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A whole new world…

Sports are basically my life, but some things seem a bit bigger than athletic competition.

So I feel like I lied again.

I was all excited to start writing again and then I didn’t write. A week turned into a month and now we are sitting here two months later, yet it feels as if the entire world has transformed during that time.

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I do miss the sun shine, green grass and national past time. Perhaps by summer we’ll get to play.

In many ways it has. COVID-19 was barely in its infancy when I last updated my blog, with the first U.S. case being confirmed on January 22, 2020. As of today (March 31, 2020) we are sitting at over 163,000 cases in the United States (Centers for Disease Control and Prevention, 2020). A few weeks ago all of the major sporting leagues around the world cancelled or suspended play, sure, but far more than just sports have been effected.

Schools have closed (including the one I work at); forced to foray in the world of full-time online learning without any of the necessary infrastructure to support it in place. Shopping and entertainment in general – all closed, with many small businesses likely closing their doors for the last time due to this virus. It’s still very surreal to me as I sit here in my home in Upstate, NY; the world has managed to both shut down and keep moving on at the same time. This has proven to be especially so in Italy, Iran and New York City where life has been devastated.

In the most human of fashions, this new pandemic has seemed to bring out both the best and worst in humanity. From pictures of planes full of medical personnel flying to help out in NYC and entire school communities rallying together to ensure the health and education of our population; to corporations putting the almighty dollar over people and individuals using the situation to horde supplies and then gouge their neighbors in need. The response from people has run the gamut from amazing to downright evil. COVID-19 has exposed critical flaws in the healthcare systems, infrastructures, economies and governments of many countries around the world. It’s shown that collectively, as a society, we have not done enough to protect the majority.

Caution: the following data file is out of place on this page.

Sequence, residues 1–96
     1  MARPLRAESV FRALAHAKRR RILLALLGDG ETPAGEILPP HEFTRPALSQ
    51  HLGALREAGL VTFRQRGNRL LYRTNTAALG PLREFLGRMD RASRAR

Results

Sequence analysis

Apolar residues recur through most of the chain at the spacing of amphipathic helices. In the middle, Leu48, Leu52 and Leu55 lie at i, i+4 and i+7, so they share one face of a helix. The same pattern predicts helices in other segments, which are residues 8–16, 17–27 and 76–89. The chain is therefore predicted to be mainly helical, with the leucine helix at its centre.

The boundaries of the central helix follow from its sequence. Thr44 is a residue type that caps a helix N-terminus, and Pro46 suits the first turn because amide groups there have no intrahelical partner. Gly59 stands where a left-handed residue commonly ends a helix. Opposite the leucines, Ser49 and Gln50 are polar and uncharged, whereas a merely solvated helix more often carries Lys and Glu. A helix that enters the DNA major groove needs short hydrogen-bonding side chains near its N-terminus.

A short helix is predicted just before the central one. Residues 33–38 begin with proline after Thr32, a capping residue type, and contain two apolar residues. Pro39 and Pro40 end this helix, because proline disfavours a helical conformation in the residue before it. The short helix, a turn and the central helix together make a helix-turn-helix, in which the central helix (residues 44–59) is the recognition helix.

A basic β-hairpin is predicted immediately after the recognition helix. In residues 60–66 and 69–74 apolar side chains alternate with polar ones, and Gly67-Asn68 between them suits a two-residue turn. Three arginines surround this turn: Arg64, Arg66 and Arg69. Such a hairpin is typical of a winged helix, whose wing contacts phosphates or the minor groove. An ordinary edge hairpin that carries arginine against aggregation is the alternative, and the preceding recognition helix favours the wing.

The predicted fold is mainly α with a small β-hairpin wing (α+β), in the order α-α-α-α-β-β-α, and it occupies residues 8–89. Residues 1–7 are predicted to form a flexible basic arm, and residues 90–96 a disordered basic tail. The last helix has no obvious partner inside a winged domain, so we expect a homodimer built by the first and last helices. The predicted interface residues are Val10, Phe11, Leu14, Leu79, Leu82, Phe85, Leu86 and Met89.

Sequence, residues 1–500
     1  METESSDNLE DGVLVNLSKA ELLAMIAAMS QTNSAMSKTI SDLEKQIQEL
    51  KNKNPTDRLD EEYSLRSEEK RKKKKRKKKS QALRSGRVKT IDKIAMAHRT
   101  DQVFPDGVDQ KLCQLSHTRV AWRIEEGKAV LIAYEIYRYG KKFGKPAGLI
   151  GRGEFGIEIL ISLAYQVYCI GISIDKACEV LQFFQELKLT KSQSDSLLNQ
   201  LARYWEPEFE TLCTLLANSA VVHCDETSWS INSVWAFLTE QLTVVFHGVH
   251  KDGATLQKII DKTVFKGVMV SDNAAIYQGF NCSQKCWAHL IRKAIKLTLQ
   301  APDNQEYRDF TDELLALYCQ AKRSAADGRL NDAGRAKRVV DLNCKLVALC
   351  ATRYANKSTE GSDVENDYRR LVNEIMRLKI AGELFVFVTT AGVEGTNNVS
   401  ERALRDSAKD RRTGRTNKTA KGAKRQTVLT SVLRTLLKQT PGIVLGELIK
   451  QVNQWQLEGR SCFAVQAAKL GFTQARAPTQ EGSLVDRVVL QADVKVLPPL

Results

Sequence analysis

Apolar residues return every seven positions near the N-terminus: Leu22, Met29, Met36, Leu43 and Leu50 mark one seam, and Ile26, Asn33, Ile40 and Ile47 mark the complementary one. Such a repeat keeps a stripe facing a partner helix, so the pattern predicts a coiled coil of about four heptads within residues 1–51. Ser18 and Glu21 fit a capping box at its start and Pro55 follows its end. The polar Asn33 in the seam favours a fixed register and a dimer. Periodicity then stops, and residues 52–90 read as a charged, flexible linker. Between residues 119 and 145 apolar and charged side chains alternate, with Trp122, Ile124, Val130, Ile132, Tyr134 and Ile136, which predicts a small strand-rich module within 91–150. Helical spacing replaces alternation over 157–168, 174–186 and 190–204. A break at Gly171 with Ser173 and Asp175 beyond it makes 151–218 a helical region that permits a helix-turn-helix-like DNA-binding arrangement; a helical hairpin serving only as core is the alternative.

Forget just the down-trodden and unfortunate among us, this pandemic has ripped holes in a majority of our lives. We will lose friends, family members and important members of our community due to this virus and how ill-prepared our world society was to handle it. I’m terrified that my fiancee, a healthcare worker in a local hospital, will one day come home and confirm that we both have the virus and that I will lose her to it. Yes, currently the death rate to this virus in the country is around 1%, but would any of you take a 1/100 chance of losing any of your loved ones? I wouldn’t. I’m afraid that my parents, all over 60, will catch it and not come through. I have close friends just starting new businesses who may lose them, without having done anything incorrectly. I’m scared of these possibilities, but for many others this is already the reality. I’m mad at myself for thinking that this would be less of a deal than it has turned out to be; lamenting the loss of the NHL and MLB seasons and my own hockey season due to some virus that I didn’t know enough about.

I’m not sure when the world will get “back to normal”. I’m not sure the next phase of humanity on this planet has the same normal. Perhaps it does. I’ve been repeatedly shocked at the ability of our society to forget and move on from tragedy and events. “Never Forget” from 9/11 has turned into numbness over constant school shootings, terrorist bombings, hate crimes and protests; with each even barely registering for the collective society. “Outrage for a day, forgotten tomorrow; changes never made” seems to be the pattern.

I hope that isn’t the case this time. I hope people have taken notice of the world around them and how easily it was brought to its knees by nature. I hope those of us that have banded together and shown great resiliency, fight and urge to help others keep that flame going well after COVID-19 has run its course. I hope those who would use, abuse or game tragedy for their own benefit will learn, change or be erased from society as the majority trend towards the common good, not singular benefit. I hope those governments that have stopped representing the people they represent are exposed and forced to change to benefit life, not profit and power. I hope the businesses that put “the bottom line” over humanity go bankrupt and are replaced with companies that show compassion and know that a high-tide should raise all boats, not just the boats with the most capital on board.

I also hope sports do come back soon, I really miss the friendships, camaraderie and passion it brings out in people, especially myself.

Stay safe.

Patrick

Patrick View All

Just a guy who loves sports.

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